Was the worship stiff-upper-lip, happy clappy, or what?
The worship wasn't stiff upper lip like some high Episcopal churches; it was stiff and formal, as if sitting in a college lecture. I guess the best description would be "stoic".

Exactly how long was the sermon?
The sermon was 19 minutes long, but seemed much longer. I ended up staring at the stained glass windows and, eventually, counting the number of drawknobs on the organ console.

On a scale of 1-10, how good was the preacher?
3 The desert setting should have warned me as to the dryness that I was going to encounter. The minister seemed like a nice man, but his preaching style was definitely not my type.

In a nutshell, what was the sermon about?
Sermon title: "If you build how... they will come" The sermon was based on Eph. 4:1-7, 11-16 and I had a hard time following it. I made notes, but everything seemed disjointed. Loosely, the sermon topic was that we are all expected to work together with our different spiritual gifts to reach out to those who are not part of the fellowship of faith. He jumped around from God changing peoples hearts, to the church in Jerusalem and then to the church in Ephesus. Then he talked about God building on His promises. Maybe I would have paid closer attention if he was a little more animated in his delivery.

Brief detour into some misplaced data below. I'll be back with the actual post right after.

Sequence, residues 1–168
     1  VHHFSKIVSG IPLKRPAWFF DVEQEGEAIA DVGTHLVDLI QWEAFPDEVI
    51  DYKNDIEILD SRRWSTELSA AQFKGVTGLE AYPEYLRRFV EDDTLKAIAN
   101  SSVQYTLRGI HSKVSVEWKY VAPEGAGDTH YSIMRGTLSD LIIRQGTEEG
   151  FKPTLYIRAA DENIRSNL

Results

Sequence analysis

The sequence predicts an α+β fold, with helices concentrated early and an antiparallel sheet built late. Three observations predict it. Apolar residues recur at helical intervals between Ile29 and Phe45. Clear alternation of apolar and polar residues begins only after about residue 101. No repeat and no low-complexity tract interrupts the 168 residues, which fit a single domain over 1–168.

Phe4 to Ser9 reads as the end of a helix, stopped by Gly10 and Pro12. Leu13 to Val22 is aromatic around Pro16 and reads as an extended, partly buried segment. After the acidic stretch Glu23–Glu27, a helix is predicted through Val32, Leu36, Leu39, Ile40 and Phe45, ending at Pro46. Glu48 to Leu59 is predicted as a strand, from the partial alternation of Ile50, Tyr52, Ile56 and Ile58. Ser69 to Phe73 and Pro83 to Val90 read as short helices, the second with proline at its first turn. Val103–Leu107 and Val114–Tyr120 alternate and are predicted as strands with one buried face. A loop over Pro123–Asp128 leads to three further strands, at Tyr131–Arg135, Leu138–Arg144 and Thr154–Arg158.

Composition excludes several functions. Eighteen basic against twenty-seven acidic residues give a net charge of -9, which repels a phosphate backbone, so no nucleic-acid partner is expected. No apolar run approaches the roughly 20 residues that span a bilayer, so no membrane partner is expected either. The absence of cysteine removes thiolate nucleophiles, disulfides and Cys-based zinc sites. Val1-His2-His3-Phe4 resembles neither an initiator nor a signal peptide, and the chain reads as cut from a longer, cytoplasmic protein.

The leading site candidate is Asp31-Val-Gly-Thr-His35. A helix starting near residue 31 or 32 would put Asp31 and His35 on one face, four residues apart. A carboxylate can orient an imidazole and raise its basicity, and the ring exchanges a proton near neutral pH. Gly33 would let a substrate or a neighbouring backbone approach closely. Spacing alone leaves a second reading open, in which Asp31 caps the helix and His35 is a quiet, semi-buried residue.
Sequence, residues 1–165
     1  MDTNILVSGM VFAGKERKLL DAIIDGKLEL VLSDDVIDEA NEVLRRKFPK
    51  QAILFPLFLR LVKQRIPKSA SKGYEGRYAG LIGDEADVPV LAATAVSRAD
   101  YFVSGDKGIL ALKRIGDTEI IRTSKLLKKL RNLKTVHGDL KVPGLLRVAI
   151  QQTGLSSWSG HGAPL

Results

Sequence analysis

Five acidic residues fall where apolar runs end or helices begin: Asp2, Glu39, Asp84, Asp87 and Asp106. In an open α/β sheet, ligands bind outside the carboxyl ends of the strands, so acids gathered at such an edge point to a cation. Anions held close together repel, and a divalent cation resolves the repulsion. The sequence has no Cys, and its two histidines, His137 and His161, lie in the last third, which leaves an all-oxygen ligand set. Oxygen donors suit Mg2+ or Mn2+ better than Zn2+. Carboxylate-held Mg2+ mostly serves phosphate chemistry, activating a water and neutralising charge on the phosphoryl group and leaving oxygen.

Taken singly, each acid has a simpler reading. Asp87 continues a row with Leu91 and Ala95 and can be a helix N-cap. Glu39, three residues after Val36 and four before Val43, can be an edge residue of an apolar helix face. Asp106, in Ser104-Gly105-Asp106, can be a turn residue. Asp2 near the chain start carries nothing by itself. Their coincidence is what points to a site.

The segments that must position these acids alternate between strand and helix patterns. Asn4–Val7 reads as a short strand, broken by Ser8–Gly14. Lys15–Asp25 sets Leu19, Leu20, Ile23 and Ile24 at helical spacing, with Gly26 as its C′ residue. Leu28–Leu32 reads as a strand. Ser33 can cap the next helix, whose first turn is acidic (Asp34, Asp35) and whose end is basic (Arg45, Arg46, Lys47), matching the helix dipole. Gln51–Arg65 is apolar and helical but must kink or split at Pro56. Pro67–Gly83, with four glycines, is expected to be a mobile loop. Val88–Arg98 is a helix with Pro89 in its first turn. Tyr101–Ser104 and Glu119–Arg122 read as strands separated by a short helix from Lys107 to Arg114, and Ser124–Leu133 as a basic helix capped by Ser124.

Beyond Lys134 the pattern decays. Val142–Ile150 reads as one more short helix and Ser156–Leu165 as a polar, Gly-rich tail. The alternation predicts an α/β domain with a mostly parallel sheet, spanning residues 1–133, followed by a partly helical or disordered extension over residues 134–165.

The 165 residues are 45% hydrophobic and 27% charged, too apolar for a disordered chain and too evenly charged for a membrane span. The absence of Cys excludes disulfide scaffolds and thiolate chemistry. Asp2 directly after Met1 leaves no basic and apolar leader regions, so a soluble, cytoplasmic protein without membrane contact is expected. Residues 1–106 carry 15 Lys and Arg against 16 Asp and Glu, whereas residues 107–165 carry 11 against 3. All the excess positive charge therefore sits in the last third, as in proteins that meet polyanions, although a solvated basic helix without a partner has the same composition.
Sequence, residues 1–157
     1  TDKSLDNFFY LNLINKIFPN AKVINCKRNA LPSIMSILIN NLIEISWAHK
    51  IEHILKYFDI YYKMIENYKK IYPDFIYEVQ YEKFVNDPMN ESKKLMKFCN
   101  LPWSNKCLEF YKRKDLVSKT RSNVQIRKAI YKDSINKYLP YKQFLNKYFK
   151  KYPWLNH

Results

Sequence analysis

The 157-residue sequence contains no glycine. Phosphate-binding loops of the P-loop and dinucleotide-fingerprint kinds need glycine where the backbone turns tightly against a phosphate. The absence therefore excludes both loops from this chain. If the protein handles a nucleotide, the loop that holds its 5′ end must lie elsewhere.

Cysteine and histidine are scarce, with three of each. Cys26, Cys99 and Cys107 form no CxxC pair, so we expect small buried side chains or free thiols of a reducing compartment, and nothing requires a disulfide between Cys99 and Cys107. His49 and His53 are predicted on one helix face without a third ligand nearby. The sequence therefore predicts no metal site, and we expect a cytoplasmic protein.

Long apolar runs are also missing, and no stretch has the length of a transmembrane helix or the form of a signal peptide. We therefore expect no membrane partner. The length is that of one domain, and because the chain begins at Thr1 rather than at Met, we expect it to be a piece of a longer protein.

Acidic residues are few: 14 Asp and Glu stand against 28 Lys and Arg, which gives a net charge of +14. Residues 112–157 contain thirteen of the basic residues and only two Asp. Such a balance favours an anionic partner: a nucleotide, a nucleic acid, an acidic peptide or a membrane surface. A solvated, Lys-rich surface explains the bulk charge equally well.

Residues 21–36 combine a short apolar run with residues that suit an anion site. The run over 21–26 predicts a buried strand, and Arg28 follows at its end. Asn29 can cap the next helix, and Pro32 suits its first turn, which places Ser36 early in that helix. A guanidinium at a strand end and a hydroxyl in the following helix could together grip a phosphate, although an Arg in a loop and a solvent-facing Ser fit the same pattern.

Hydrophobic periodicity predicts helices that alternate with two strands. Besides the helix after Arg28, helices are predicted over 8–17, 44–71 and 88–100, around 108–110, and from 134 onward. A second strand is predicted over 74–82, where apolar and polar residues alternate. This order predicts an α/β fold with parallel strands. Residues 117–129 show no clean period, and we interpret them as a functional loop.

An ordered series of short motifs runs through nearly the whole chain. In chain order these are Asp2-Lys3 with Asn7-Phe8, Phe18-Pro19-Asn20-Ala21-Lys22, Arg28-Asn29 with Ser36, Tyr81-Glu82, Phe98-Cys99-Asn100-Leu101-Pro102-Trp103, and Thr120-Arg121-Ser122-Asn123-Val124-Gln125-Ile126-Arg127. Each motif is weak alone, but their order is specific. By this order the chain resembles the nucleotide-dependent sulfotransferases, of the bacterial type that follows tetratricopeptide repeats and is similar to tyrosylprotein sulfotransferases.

Which part of the service was like being in heaven?
The beautiful building and stained glass.

And which part was like being in... er... the other place?
The whole service. I hate to be so general, but I left wondering if this really counted as going to church. The hymn singing was dreadful, the sermon boring, and the stage looked like a desert with metallic palm trees.

What happened when you hung around after the service looking lost?
I walked to the front of the church to listen to the organist finish the postlude. When she was done, there was no one left in the church except for a few ushers who were cleaning up for the following service.

How would you describe the after-service coffee?
I didn't stay around to look for any. It was announced in the bulletin that there was visitor information in the fellowship hall but no there was mention of coffee or tea.

How would you feel about making this church your regular (where 10 = ecstatic, 0 = terminal)?
1 I have been to funeral services that were more energetic than this.

Did the service make you feel glad to be a Christian?
It actually made me feel embarrased to be a Christian. How can one have joy in your heart about being a Christian and not have some sort of enthusiasm? I don't mean you have to be happy-clappy, but just showing a smile when singing a hymn would have been an improvement. I would hate to be a member of this church when a non-Christian came to visit because the atmosphere gave no good reason to be a Christian.

What one thing will you remember about all this in seven days' time?
Metallic palm trees instead of a pulpit.